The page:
Here's a painting I shipped north yesterday to Edgewater Gallery in Vermont for their Featured Artist show for December (Dec. 1- 31). There's a public reception Saturday Dec. 4 from 5 - 7 p.m. Any readers of this blog are especially welcome to come by and say hello. This one is Trees at Lake Conroe, oil on canvas, 42 x 28".

Inevitably when people really respond to one of my paintings at an opening reception they come up to me a little excited and announce they know exactly the spot where the piece was painted. I'm always temped to tell them "You're right." Because in a real sense they are.

Let me explain. A painting is a little like a springy trampoline for one's imagination and memory. In all of us both those capacities tend to get rusty and need to get provoked back into action. That's where the art part comes in. If my painting is really well painted it is saying something important to the viewer using the unique language of shapes and color chords. Form and color affect us in ways that aren't logical and rational. They seem to speak to the deeper layers of our personality. They are particularly good at expressing emotions and memories that are difficult to put into words.

Think for a minute how often your emotions and memory have been triggered by unexpectedly hearing a song from back in your teenage years. You temporarily lose yourself into the images and feeling the song calls up in you. What's important is that a particular song takes each person to a place and time that's unique to their own life. My wife Alice is pulled back to her earlier years in the Bronx. I go back to upstate New York where I was a boy or to Ohio or Indiana where I did college. You have your own places.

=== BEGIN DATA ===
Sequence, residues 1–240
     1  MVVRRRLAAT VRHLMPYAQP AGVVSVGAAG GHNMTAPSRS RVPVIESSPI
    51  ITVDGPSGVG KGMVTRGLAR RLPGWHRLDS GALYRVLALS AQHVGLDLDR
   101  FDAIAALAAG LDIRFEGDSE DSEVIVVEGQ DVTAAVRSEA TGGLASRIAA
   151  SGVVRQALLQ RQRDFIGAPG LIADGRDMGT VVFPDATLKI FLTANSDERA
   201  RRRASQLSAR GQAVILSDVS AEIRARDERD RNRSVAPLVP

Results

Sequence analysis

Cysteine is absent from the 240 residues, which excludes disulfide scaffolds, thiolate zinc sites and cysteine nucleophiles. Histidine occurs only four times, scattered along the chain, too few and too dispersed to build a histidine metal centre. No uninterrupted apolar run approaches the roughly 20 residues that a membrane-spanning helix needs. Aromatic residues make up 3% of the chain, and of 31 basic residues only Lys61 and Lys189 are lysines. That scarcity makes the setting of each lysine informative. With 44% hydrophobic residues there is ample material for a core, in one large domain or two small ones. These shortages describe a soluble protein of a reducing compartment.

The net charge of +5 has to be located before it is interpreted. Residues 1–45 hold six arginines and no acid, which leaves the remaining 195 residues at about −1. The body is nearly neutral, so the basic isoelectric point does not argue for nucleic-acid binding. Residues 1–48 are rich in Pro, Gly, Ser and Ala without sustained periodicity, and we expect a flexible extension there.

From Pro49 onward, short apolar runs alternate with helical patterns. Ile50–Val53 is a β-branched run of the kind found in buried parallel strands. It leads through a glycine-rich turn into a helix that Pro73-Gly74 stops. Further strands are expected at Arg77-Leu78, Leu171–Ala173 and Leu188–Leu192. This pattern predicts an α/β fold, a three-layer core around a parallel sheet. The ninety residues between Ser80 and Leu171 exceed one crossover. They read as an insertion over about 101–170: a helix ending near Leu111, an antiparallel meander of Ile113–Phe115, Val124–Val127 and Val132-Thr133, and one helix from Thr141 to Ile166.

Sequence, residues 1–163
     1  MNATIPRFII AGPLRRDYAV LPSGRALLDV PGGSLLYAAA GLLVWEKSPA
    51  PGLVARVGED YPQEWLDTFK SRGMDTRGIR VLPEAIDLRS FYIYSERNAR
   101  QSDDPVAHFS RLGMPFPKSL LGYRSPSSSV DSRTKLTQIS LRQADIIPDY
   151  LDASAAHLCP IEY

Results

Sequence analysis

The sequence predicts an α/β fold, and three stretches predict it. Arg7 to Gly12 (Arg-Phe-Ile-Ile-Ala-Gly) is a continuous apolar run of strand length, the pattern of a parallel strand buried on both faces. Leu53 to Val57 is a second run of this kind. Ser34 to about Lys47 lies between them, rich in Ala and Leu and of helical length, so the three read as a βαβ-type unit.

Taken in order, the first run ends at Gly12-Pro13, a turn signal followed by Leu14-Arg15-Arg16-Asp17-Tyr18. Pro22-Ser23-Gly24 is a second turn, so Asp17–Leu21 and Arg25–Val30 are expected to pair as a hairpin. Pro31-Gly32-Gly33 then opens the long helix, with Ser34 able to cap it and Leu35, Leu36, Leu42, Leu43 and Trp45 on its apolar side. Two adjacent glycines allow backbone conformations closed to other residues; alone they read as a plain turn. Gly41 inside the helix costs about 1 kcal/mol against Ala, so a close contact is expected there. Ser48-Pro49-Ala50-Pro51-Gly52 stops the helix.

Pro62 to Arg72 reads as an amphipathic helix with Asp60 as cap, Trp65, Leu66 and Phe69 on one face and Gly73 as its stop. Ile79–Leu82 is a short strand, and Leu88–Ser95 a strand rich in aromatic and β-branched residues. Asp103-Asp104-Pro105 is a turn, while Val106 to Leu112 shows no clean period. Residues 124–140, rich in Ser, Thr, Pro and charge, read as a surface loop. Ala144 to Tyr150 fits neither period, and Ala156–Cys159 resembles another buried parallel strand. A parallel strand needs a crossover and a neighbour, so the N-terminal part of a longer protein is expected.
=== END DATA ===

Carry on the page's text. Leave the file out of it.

Painting is more like music than not. It reaches into the mysterious corridors of your psyche and hauls out some forgotten baggage for your recollection. I think we have an emotional need to do this re-visiting of our past experience. It's as if it isn't done with us.

If you come to the exhibit I'll be having at Edgewater Gallery, one of the things I'll be urging visitors to do is to look at the whole exhibit and pick out the piece that's their favorite. Then I'll tell them the piece they picked out is their self portrait. At first they're puzzled, but soon most people nod and agree the painting holds a particularly meaningful kernel about their inner lives.

So where was the oil Trees at Lake Conroe painted? In the literal sense, I began the painting in Texas about an hour north of Houston. But what really caused me to stop and paint this particular road was how much the place reminded me of my old driveway through the woods near Rochester, New York. One of the things I loved so much about where I grew up was the deep forest. A favorite memory is that of craning my neck to look up to see the light catching the tops of the trees. It seemed the trees were impossibly tall, so the canvas I chose to paint on had to be really vertical. For me it's more a painting of upstate New York than Texas. A lot of people walk around carrying beloved images like that in their heads. Where's yours?